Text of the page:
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Emile Durkheim lived from 1858 – 1917 in France, born to Jewish parents. He died young (54) and some say broken by the experience of living though the First World War.

He was a leading figure in establishing the discipline of sociology and wrote on a broad range of issues: society; law; political institutions and religion. A key issue for him was the loosening of family and other traditional bonds as society became more economically liberal and increasingly differentiated. Of interest here are his ideas concerning the conduct of sociology. On one level it is argued that he was a positivist in that, and often quoted, he argued:

“Our main goal is to extend scientific rationalism to human conduct by showing that.. such conduct can be reduced to relations between cause and effect. ... What has been called our positivism is but a consequence of this rationalism.” (Durkheim 1895)

Two things here. First, he sets out the discipline of sociology as being about the observation of the world as it (not as it ought to be which more falls into the field of philosophy). Second he is interested in cause and effect. However he does not see cause and effect operating at the individual level (or at least is not interested in how it operates at an individual level for that would be psychology) but rather with the broad sweep of generalisations one can make about particular groups and subgroups of people (holism). If we only looked at the individual, we would be able to understand nothing of what takes place in the group.

Durkheim was in one view a ‘positivist’ but he was also a social constructionist in that he saw institutions not only in legal terms but in the ways they been created by groups and sustained by prestige and observance. He was interested in how these institutions operated on us, and this establishes him as both positivistic and social constructivist in outlook. As he put it:

"Society is not a mere sum of individuals. Rather, the system formed by their association represents a specific reality which has its own characteristics... The group thinks, feels, and acts quite differently from the way in which its members would were they isolated."

A second, though underdeveloped theme in Durkheim’s methodology (see Poggi, 2000 for more) was to seek an ecological basis for institutions so, like others in the aftermath of evolutionary biological theory, he wondered at how arrangements in society adapted to the material conditions of their time. His key work, at least in terms of establishing a method, was Suicide. Suicide interested him as it involved deviance from established norms (legal, moral and social). So why is it done? He argued the key to understanding suicide as a social phenomenon was at a group level. He argued that this was a scientific approach as compared to relying on intuition (for example suicide rates are higher in winter when it is cold and dark) or on superstition.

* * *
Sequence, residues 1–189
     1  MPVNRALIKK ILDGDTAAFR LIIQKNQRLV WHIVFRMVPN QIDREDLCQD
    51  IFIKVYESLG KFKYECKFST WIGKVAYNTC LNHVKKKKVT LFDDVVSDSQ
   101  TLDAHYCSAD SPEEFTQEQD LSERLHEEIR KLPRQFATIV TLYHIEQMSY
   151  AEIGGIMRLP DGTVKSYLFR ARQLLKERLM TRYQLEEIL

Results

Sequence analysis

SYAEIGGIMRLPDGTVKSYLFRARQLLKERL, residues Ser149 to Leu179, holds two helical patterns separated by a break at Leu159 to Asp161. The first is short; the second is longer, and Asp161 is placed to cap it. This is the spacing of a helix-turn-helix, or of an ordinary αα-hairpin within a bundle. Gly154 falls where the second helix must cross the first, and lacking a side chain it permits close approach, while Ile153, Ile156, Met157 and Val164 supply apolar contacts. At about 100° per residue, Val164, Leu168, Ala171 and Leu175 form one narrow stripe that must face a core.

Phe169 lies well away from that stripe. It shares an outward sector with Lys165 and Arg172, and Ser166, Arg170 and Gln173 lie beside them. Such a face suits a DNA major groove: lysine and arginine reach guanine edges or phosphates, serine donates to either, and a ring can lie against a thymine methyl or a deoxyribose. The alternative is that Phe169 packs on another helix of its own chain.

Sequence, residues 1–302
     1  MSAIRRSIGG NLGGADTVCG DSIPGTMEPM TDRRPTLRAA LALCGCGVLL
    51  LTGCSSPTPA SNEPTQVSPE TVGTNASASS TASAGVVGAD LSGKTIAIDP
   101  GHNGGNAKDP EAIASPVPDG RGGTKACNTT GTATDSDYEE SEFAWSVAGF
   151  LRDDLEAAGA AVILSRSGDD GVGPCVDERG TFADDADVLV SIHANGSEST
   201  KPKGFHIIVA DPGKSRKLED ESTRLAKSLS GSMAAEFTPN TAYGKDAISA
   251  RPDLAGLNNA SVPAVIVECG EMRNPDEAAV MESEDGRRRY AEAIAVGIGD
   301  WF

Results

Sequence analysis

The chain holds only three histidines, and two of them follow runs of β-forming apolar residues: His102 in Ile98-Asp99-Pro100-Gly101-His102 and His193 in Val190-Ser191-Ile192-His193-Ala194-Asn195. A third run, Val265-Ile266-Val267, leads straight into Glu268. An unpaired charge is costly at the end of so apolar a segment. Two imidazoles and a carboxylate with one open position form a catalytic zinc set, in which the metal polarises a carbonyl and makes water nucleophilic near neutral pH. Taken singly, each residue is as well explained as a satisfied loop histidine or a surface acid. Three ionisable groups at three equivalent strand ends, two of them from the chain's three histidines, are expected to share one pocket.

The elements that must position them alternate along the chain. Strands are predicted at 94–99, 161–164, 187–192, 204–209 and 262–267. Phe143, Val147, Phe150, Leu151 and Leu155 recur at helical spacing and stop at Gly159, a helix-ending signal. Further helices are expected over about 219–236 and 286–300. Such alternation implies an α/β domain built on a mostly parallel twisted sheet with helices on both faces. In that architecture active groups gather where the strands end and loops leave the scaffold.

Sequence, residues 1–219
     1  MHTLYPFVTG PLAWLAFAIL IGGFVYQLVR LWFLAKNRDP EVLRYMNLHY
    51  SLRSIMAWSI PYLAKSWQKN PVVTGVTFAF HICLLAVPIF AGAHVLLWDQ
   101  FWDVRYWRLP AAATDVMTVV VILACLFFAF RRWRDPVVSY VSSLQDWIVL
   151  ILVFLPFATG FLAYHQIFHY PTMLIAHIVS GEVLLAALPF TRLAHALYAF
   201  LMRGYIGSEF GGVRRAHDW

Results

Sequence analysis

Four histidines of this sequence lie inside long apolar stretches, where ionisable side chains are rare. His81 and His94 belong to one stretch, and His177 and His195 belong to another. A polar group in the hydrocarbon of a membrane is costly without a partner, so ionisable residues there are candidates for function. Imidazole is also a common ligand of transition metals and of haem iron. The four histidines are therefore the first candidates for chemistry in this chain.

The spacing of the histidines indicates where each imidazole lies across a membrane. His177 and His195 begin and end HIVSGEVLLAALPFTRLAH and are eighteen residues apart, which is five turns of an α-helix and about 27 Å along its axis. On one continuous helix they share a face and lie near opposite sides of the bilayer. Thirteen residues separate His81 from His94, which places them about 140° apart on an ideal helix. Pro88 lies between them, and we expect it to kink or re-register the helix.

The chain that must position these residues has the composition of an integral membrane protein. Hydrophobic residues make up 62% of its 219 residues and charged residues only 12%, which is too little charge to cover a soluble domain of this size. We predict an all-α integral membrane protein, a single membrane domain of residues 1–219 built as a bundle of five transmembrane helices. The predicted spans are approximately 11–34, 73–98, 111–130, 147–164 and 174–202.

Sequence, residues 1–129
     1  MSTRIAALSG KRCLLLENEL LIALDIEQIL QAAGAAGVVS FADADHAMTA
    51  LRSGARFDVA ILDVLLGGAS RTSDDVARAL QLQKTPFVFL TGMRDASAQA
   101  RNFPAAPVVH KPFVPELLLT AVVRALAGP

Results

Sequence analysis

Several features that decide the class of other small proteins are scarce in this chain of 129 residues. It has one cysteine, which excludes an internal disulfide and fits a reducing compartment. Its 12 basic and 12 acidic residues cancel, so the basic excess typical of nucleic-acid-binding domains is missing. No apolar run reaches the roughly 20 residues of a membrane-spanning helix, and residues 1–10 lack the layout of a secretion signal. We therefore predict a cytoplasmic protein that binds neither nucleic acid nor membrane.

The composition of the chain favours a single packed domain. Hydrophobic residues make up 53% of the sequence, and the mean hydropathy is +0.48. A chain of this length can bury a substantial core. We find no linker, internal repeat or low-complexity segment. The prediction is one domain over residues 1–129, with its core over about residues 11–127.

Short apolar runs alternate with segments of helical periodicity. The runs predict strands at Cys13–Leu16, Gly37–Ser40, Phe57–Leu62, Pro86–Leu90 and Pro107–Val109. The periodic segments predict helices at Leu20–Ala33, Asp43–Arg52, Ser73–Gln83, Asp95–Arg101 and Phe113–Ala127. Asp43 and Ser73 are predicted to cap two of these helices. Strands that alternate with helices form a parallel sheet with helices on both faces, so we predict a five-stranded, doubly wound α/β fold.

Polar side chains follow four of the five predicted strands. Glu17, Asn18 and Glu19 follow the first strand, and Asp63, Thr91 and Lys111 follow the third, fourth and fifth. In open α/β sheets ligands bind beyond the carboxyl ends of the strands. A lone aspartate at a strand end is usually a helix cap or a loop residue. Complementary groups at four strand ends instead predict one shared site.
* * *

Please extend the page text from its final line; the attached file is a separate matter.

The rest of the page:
Durkheim amassed a great deal of data on suicide and argued that there were three main different types of suicide:

Egoistic suicide: with fewer bonds in a liberal differentiated society there was greater emphasis on one’s own responsibility for one actions. This leads to an almost utilitarian calculation if life was affording considerably more pain then pleasure then a rational calculation was to end it. This sense of self-responsibility was higher in Protestant than in Catholic groups and hence suicide rates were higher in the former.

Altruistic suicide: This was almost the opposite to the first point that in a society in which contribution to family or community is all that matters then as one’s contribution becomes impaired then suicide may feel an ‘obligatory ’ act.

Anomic suicide: Durkheim noted the importance of norms of behaviour in the maintenance of society but that these norms could be absent or simply out of kilter with society as it evolves. In the latter one’s connection with society becomes loosened with consequent disorientation.

These types established a framework for the analysis of data and provided the explanation for suicide at a theoretical level. Suicide combines an interest in empirical cause and effect and social construction of institutions. It also combines an empirical data driven interest with a more deductive theory driven approach. However Suicide also leave questions. How exactly does Durkheim marry inductive and deductive in his work and to what extent does he recognise agency in the maintenance of social institutions? His acceptance of data can also be questioned too. For example it has been argued that the categorisation of suicide is socially constructed, in some cultures it would not be acceptable to describe a death as suicide and other categories of cause of death would be used when certicating death.


Durkheim (1895 / 2013) The Rules of Sociological Method The Rules of Sociological Method: And Selected Texts on Sociology and Its Method Expanded (Ed S. Lukes), NY USA: Free Press.

Durkheim (1897) Suicide, A Study in Scoiology, (Ed G. Simpson) NY USA: Free Press.

Durkheim's work is freely available online too.

Poggi, G. (2000). Durkheim. Oxford: Oxford University Press.

There are a huge number of You Tube videos about Durkheim, this one is an animated one.